"bijbehorendeWoonplaats": { "label": "Amsterdam" },
      "naamOpenbareRuimte": "De Boelelaan"
    },
    "huisnummer": 1105,
    "postcode": "1081HV"
  }
}
[
  bag:hoofdadres [
    bag:bijbehorendeOpenbareRuimte [
      bag:bijbehorendeWoonplaats/rdfs:label "Amsterdam"@nl;
      bag:naamOpenbareRuimte "De Boelelaan"
    ];
    bag:huisnummer 1105;
    bag:postcode "1081HV"
  ]
]

GeoSPARQL: 3D geometries

?shapeColor
Color of the shape bound to ?shape.
?shapeHeight
Height of the shape bound to ?shape.
?shapeLabel
Label for the shape bound to ?shape.
values (?var … ?var) { (?term … ?term) … (?term … ?term) }
Specify multiple bindings.

Color Schemes


              
Color names
CSS Color Values, HDL Color Codes, RGB Color Codes
Color gradients
colormap & Color Brewer

GeoSPARQL + modifiers: order by

Show the 25 oldest buildings in Apeldoorn.

Federation

Federation

service <URL> { Q }
Run SPARQL select query Q on the SPARQL endpoint located at URL.
https://dbpedia.org/sparql
SPARQL endpoint over the Linked Data version of Wikipedia.

Exercise: Write a federative query

Start at your own SPARQL endpoint, and federate to an endpoint of one of your colleagues. Or federate to some other endpoint, e.g., DBpedia

For this you need to share at least one term: an IRI or a literal.

Aggregation

What is aggregation?

One or more functions that are applied to groups of values.

The groups are generated for each unique combination of values for a specified set of variables.

An example of groups

?pokemon?name
id:abomasnow"ABOMASNOW"@it-it
id:abomasnow"ABOMASNOW"@es-es
id:abomasnow"ABOMASNOW"@en-us
id:abomasnow"BLIZZAROI"@fr-fr
id:abomasnow"REXBLISAR"@de-de
id:abomasnow"ユキノオー"@ja-ja
id:abra"ABRA"@it-it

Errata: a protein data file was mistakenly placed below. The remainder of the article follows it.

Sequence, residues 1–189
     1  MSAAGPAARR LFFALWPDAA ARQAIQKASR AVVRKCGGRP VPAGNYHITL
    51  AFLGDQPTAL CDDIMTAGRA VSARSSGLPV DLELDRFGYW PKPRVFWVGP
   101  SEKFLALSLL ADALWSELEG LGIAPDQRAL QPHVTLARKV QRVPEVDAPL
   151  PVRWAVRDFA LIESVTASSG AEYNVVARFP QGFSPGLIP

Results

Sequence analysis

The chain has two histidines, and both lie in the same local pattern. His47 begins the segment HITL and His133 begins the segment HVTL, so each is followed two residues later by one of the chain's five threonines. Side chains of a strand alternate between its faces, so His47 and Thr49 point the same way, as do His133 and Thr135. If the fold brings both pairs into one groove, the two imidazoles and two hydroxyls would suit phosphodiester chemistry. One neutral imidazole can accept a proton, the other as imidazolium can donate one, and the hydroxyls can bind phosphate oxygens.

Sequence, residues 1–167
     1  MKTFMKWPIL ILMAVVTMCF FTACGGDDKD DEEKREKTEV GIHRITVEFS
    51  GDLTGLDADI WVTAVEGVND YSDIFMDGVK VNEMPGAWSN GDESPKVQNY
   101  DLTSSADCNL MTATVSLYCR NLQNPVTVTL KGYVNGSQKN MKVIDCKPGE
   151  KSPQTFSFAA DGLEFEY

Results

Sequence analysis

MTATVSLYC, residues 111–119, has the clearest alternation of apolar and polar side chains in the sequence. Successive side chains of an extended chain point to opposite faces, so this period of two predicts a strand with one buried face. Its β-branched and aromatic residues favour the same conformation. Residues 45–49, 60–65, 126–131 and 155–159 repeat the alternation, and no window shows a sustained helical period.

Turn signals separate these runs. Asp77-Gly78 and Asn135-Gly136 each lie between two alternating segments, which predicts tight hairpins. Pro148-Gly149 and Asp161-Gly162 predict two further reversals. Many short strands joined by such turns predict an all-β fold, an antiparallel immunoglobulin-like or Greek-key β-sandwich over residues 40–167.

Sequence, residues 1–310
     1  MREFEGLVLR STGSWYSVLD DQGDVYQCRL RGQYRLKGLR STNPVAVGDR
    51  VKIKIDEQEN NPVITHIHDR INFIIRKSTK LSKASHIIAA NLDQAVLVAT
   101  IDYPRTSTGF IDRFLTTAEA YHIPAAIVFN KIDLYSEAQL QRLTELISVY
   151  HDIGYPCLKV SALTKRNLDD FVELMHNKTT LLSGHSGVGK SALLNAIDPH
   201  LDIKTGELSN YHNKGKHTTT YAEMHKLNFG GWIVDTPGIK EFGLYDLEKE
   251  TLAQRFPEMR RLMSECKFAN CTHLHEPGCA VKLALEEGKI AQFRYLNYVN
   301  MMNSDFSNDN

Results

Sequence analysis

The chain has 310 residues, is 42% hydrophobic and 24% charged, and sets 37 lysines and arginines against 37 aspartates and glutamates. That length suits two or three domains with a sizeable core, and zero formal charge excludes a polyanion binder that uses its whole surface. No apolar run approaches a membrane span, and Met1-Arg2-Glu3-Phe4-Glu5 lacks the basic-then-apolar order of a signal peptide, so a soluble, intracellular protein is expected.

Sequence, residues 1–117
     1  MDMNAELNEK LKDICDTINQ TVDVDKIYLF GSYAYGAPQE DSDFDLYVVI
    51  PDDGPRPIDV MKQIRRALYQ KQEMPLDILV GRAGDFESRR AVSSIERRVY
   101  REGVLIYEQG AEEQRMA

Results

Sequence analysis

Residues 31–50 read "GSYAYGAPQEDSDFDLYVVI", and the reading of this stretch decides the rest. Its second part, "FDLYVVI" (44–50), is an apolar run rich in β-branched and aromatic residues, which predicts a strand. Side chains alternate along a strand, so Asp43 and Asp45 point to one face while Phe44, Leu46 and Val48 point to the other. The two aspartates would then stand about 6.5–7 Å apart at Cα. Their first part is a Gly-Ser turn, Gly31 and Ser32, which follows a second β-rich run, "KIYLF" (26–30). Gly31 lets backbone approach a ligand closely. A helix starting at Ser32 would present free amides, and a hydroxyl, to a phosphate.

id:abra"ABRA"@fr-fr
id:abra"ABRA"@es-es
id:abra"ABRA"@de-de
id:abra"ABRA"@en-us
id:abra"ケーシィ"@ja-ja

The set of variables is {?pokemon}.

The groups are the sets of names per Pokémon.

3-2: Count function

count(…)
Applies the count function to each group of names.
group by ?pokemon
Explicit grouping criterion.

3-2: Count function + implicit grouping

Implicit grouping
When there is at least one aggregation function (e.g., count) and there is no group by clause.

3-2: Implicit grouping gone wrong

Implicit grouping
The implicitly grouped-by variables are the ones that are (1) visible, and that (2) are not input for an aggregation function.

3-3: Concatenation function

concat(…)
Concatenate all arguments into one new string.
group_concat(…;separator=…)
Concatenate all bindings, interspersed with separators, into one new string.

3-4: Sum function

Using data from the Dutch Chamber of Commerce (KvK).

(sum(?employees) as ?employees)
Summate the number of employees per company (?id).
(sample(?name) as ?name)
Since a company (?id) can have multiple names (?name), select one arbitrarily.
Implicitly grouped by ?id
Could be made explicit with grouped by ?id.

Hierarchies

Transitive predicates

Hierarchy: Org Chart

Uses the Historical International Standard Classification of Occupations (HISCO) dataset.

Hierarchy: TreeMap

Uses the Historical International Standard Classification of Occupations (HISCO) dataset.

DataCube

DataCube: Observation

observation:0007ddade4 a qb:Observation;
  qb:dataSet dataset:countries;
  dimension:location country:Netherlands;
  dimension:year "2002"^^xsd:gYear;
  measure:lifeExpectancy 7.9696e1.

DataCube: Dataset

dataset:countries a qb:DataSet;
  qb:structure dsd:countries;
  sdmx-attribute:unitMeasure dbr:Year.

DataCube: Data Structure Definition

dsd:countries a qb:DataStructureDefinition;
  qb:component
    [ qb:dimension dimension:location ],
    [ qb:dimension dimension:year ],
    [ qb:measure measure:lifeExpectancy ],
    [ qb:attribute sdmx-attribute:unitMeasure;
      qb:componentAttachment qb:Dataset ].

dimension:location a qb:DimensionProperty;
  qb:concept sdmx-concept:refArea;
  rdfs:range vocab:Country;
  rdfs:subPropertyOf sdmx-dimension:refArea.

dimension:year a qb:DimensionProperty;
  qb:concept sdmx-concept:refPeriod;
  rdfs:range xsd:gYear;
  rdfs:subPropertyOf sdmx-dimension:refPeriod.

measure:lifeExpectancy a qb:MeasureProperty;
  rdfs:range xsd:double;
  rdfs:subProperty sdmx-measure:obsValue.

Plot a measure for one dimension


              
Fixed dimension
dimension:year "2007"^^xsd:gYear
Plotted dimension
dimension:location/rdfs:label ?country
Plotted measure
measure:lifeExpectancy ?value

Plot a measure for one dimension


              
  • Column 1: plotted dimension
  • Column 2: plotted measure
  • Column 3: coordinate label
  • Column 4: tooltip

Post-processing


              
  • Caption, axes, legend
  • Linear/polynomial trend
  • Error bars
  • Log scale

Thank you for your attention!


Wouter Beek (wouter@triply.cc)
Thomas de Groot (thomas.de.groot@triply.cc)


https://triply.cc